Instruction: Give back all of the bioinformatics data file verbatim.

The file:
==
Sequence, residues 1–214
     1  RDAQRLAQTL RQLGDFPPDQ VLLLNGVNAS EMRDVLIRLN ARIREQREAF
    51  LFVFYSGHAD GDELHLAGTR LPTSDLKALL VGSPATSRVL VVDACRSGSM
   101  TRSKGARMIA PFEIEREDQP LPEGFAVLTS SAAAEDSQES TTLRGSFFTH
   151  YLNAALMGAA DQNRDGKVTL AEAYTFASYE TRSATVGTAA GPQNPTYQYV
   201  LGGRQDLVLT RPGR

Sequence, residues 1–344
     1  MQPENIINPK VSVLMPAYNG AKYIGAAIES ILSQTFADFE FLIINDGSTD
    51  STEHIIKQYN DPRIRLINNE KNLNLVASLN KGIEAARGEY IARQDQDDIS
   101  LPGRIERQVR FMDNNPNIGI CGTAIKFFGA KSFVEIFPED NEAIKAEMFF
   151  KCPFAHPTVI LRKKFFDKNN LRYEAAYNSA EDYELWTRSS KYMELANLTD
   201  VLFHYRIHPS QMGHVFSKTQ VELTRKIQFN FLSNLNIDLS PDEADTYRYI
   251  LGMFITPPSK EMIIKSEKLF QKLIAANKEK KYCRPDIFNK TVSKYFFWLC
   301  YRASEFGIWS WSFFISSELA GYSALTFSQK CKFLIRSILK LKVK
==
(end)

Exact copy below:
Sequence, residues 1–214
     1  RDAQRLAQTL RQLGDFPPDQ VLLLNGVNAS EMRDVLIRLN ARIREQREAF
    51  LFVFYSGHAD GDELHLAGTR LPTSDLKALL VGSPATSRVL VVDACRSGSM
   101  TRSKGARMIA PFEIEREDQP LPEGFAVLTS SAAAEDSQES TTLRGSFFTH
   151  YLNAALMGAA DQNRDGKVTL AEAYTFASYE TRSATVGTAA GPQNPTYQYV
   201  LGGRQDLVLT RPGR

Sequence, residues 1–344
     1  MQPENIINPK VSVLMPAYNG AKYIGAAIES ILSQTFADFE FLIINDGSTD
    51  STEHIIKQYN DPRIRLINNE KNLNLVASLN KGIEAARGEY IARQDQDDIS
   101  LPGRIERQVR FMDNNPNIGI CGTAIKFFGA KSFVEIFPED NEAIKAEMFF
   151  KCPFAHPTVI LRKKFFDKNN LRYEAAYNSA EDYELWTRSS KYMELANLTD
   201  VLFHYRIHPS QMGHVFSKTQ VELTRKIQFN FLSNLNIDLS PDEADTYRYI
   251  LGMFITPPSK EMIIKSEKLF QKLIAANKEK KYCRPDIFNK TVSKYFFWLC
   301  YRASEFGIWS WSFFISSELA GYSALTFSQK CKFLIRSILK LKVK